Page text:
Blame The Consumer
Are you wondering why it's necessary for big-box stores to open on a national holiday, Thanksgiving Day? Look in the mirror- because it's your fault.
Or so says a reporter, Marie Panaritis, for The Philadelphia Inquirer. She writes
In the rush to assign blame for the Christmas shopping frenzy that is taking hold earlier than ever - detractors assailed Target, Toys R Us, and Walmart for planned Thanksgiving openings this year - one must follow the fingertips of American shoppers.
Because the bogeyman boils down to this: online, online, online.
For decades, retailers made a bundle on Black Friday by packing stores with sale goods, filling Thanksgiving Day newspapers with advertisements, and reveling in revenue as customers rolled in the next day en masse.
Then came the Internet. And the old model crumbled like a Jenga tower at a holiday party. Retailers that open their doors at ungodly hours on and after Thanksgiving are competing with an online shopping realm where the doors never close.
Do retailers such as Aeropostale, Banana Republic, Big Lots, CVS, Family Dollar, Gap, Kenneth Cole, Kmart, Old Navy, Sears, Sony, Starbucks, Target, Toys'R'Us, Walgreens and Whole Foods open on Thanksgiving in order to profit at the expense of what otherwise would be a family-focused holiday? No, they are doing it as a favor to you, the consumer, because
Tons of people trawl the Internet on Thanksgiving as the turkey roasts and the relatives squabble over old beefs. Still others click-and-buy on the days before and after, and all through Christmas, depending on which discounts land in their e-mail.
Rather than let that business vanish forever, brick-and-mortar retailers opt to open earlier - an enticement aimed at damage control.
And, as a pampered and spoiled consumer don't ever, ever consider saving yourself or your family money:
As though all this were not sobering enough for companies that stock, heat, staff, and keep stores open through the holidays, there is yet another enemy:
The very retailers being criticized on moral grounds for opening on once-untouchable days are in this predicament in part because they are being exploited by increasingly wily shoppers.
"Showrooming," as it is known in the industry, is when a customer strolls into a store, inspects a popular product, then compares its price on a smartphone or leaves to order it online. (One edge that online retailers have on price stems from the fact that they do not carry the overhead associated with actual stores.)
"One of the biggest competitors to Walmart right now is Amazon," Kahn said. "These online competitors, there's no question, are changing the way brick-and-mortar retailers do business."
Presumably, Wal-Mart, the leading retailer in the world and the company that sets the standard for American retailing, can barely keep up. Yet, as Josh Bivens of the Economic Policy Institute notes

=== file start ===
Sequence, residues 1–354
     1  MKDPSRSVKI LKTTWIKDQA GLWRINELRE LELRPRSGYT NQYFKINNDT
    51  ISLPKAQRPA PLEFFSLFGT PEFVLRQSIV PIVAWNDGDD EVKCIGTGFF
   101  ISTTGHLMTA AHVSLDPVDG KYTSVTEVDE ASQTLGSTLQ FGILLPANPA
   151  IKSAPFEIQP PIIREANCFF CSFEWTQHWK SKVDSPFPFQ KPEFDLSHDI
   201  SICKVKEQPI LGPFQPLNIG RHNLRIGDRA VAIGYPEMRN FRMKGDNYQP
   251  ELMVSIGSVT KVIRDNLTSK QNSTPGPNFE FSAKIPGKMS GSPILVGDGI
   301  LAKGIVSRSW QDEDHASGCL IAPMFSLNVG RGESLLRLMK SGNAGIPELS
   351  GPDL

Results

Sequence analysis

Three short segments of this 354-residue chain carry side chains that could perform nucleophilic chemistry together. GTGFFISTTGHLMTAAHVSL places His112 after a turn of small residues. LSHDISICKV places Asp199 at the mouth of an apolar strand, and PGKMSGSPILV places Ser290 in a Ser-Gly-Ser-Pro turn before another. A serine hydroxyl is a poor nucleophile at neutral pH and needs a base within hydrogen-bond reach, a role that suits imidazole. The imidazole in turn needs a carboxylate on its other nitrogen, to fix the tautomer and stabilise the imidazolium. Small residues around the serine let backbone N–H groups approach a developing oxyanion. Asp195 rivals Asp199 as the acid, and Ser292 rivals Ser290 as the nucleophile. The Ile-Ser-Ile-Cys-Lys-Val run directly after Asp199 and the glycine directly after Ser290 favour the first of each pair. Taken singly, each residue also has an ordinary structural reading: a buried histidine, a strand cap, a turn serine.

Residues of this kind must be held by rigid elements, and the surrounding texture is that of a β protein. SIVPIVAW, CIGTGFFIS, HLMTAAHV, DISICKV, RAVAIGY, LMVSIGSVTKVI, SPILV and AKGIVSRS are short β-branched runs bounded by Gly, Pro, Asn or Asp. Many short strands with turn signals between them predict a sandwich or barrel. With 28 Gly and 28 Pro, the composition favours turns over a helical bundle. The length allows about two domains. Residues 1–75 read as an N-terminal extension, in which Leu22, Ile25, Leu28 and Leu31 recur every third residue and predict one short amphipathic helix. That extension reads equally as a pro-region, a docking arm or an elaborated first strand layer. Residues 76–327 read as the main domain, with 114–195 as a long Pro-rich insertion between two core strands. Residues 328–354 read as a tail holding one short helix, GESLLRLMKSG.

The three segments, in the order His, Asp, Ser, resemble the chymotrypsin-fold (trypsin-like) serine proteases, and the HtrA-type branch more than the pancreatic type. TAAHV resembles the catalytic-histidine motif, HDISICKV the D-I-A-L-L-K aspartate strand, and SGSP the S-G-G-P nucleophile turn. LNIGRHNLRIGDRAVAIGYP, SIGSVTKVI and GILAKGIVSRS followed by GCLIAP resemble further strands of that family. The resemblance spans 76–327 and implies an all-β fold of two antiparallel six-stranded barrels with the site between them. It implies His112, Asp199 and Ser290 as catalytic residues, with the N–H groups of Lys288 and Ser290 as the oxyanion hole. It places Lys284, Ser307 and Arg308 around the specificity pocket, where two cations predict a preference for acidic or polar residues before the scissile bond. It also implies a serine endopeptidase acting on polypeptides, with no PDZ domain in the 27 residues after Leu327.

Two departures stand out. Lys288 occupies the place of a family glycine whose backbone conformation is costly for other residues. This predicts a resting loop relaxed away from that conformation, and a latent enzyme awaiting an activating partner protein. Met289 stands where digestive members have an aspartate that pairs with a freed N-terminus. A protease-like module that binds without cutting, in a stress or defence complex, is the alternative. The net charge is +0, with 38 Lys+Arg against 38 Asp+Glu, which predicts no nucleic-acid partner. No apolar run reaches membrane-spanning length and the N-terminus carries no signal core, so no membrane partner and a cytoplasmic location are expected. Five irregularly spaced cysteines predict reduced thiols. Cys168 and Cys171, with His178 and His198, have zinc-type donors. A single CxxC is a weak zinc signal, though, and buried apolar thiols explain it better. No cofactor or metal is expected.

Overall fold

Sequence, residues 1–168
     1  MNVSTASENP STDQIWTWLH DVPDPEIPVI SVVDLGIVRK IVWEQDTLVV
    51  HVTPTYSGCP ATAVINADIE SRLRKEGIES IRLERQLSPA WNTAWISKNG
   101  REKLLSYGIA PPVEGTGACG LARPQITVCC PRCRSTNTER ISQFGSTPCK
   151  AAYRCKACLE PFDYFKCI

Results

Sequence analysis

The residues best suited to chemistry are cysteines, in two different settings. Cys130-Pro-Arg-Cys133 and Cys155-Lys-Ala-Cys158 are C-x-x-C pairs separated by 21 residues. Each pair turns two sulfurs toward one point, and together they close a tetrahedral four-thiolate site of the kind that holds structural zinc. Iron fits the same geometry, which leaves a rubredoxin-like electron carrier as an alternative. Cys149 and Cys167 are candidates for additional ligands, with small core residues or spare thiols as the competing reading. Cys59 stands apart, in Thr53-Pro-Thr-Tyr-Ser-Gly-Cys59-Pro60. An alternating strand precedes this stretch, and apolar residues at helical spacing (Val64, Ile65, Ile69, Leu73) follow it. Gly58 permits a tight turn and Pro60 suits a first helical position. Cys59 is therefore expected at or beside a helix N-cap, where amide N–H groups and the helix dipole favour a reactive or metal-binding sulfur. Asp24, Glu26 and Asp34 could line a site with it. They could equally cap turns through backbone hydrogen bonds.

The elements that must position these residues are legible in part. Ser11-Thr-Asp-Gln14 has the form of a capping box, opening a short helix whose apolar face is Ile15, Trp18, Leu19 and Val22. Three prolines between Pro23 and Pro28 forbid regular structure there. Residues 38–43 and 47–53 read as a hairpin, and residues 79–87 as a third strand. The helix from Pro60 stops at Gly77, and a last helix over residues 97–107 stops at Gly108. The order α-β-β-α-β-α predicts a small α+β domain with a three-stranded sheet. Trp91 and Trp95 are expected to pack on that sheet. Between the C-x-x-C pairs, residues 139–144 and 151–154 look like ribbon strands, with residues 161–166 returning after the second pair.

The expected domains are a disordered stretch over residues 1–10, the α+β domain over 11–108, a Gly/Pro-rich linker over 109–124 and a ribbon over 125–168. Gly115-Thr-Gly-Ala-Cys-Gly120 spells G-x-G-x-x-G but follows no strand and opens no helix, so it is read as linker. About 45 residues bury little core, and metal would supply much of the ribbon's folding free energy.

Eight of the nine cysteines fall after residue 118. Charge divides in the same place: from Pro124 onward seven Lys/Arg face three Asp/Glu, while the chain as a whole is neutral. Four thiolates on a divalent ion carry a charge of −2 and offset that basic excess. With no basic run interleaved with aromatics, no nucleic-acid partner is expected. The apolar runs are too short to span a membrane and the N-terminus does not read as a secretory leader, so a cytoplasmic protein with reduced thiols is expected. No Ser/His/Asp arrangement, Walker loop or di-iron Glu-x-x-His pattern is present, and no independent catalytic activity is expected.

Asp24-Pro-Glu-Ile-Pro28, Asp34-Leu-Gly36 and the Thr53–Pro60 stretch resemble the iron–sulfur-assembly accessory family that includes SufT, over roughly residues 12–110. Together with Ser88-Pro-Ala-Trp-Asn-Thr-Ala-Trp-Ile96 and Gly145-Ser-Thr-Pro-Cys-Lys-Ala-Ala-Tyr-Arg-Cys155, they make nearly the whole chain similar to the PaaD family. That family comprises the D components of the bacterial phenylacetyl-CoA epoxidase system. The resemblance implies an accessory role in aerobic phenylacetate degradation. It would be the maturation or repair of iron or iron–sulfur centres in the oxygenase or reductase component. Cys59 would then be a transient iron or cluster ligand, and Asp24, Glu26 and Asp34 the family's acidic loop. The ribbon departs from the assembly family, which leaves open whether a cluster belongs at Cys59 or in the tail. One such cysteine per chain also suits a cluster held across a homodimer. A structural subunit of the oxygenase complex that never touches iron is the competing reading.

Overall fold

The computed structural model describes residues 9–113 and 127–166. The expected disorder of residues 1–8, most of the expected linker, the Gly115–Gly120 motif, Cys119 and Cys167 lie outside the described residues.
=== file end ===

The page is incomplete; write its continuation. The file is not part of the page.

Concretely, between 2007 and 2010, while median family wealth fell by 38.8 percent, the wealth of the Walton family members rose from $73.3 billion to $89.5 billion…In 2007, it was reported that the Walton family wealth was as large as the bottom 35 million families in the wealth distribution combined, or 30.5 percent of all American families.
And in 2010, as the Walton’s wealth has risen and most other Americans’ wealth declined, it is now the case that the Walton family wealth is as large as the bottom 48.8 million families in the wealth distribution (constituting 41.5 percent of all American families) combined.
Major retailers can open on a major national holiday. But they are not going to be open 24 hours, 7 days a week and those greedy, conniving, thrift-conscious consumers still will want to shop before they retire at 11:00 on a Sunday night, or when they awaken early at 5:00 a.m., or at any time the stores are not open. And if they want to spend without going to the trouble of dressing and driving, the Internet still will be available to them, even if stores open at 12:01 a.m. Thursday morning and remain open throughout Black Friday.
One major chain, this year at least, bucked the trend. P.C. Richard & Son posted on its Facebook page "It is our opinion that retailers who choose to open Thanksgiving Day or Night show no respect for their employees and families, and are in total disrespect of family values in the United States of America."
P.C. Richard, with its 66 stores in Pennsylvania, New Jersey, Connecticut, and (primarily) New York State, is not among the mom 'n pop operations, which face a particularly big challenge. "Small business Saturday" may be soothing to the soul, but its impact will be dwarfed by the inability of these retailers to conduct business on Thanksgiving.
We can be relieved that the guy contemptuous of the 47% has been denied victory by the country's first black president. But it is still a country of the 1%, aided and abetted by a mainstream media too often operating of, by, and for, corporate interests who go to ever-greater lengths to separate Americans from their money.